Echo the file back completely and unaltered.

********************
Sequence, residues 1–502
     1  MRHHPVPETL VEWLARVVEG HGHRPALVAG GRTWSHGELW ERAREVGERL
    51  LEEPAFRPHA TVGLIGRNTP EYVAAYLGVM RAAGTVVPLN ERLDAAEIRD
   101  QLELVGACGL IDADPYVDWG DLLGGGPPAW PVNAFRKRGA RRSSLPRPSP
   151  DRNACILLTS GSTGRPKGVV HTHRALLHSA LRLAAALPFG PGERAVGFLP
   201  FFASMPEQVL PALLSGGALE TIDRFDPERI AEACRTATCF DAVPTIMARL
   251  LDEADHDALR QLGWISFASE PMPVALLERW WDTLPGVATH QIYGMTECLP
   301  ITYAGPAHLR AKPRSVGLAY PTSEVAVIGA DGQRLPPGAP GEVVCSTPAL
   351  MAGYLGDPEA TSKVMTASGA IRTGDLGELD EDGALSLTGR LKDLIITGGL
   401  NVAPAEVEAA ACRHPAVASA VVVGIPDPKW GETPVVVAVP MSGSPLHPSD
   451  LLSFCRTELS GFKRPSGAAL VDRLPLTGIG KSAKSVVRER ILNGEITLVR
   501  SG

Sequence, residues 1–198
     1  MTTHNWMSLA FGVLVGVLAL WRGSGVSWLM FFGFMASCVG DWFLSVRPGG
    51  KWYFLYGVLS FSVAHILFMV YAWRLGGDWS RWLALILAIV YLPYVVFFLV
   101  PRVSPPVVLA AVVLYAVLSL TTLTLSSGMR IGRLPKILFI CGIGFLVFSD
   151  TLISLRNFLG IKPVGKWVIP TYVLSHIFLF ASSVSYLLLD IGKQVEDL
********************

Sequence, residues 1–502
     1  MRHHPVPETL VEWLARVVEG HGHRPALVAG GRTWSHGELW ERAREVGERL
    51  LEEPAFRPHA TVGLIGRNTP EYVAAYLGVM RAAGTVVPLN ERLDAAEIRD
   101  QLELVGACGL IDADPYVDWG DLLGGGPPAW PVNAFRKRGA RRSSLPRPSP
   151  DRNACILLTS GSTGRPKGVV HTHRALLHSA LRLAAALPFG PGERAVGFLP
   201  FFASMPEQVL PALLSGGALE TIDRFDPERI AEACRTATCF DAVPTIMARL
   251  LDEADHDALR QLGWISFASE PMPVALLERW WDTLPGVATH QIYGMTECLP
   301  ITYAGPAHLR AKPRSVGLAY PTSEVAVIGA DGQRLPPGAP GEVVCSTPAL
   351  MAGYLGDPEA TSKVMTASGA IRTGDLGELD EDGALSLTGR LKDLIITGGL
   401  NVAPAEVEAA ACRHPAVASA VVVGIPDPKW GETPVVVAVP MSGSPLHPSD
   451  LLSFCRTELS GFKRPSGAAL VDRLPLTGIG KSAKSVVRER ILNGEITLVR
   501  SG

Sequence, residues 1–198
     1  MTTHNWMSLA FGVLVGVLAL WRGSGVSWLM FFGFMASCVG DWFLSVRPGG
    51  KWYFLYGVLS FSVAHILFMV YAWRLGGDWS RWLALILAIV YLPYVVFFLV
   101  PRVSPPVVLA AVVLYAVLSL TTLTLSSGMR IGRLPKILFI CGIGFLVFSD
   151  TLISLRNFLG IKPVGKWVIP TYVLSHIFLF ASSVSYLLLD IGKQVEDL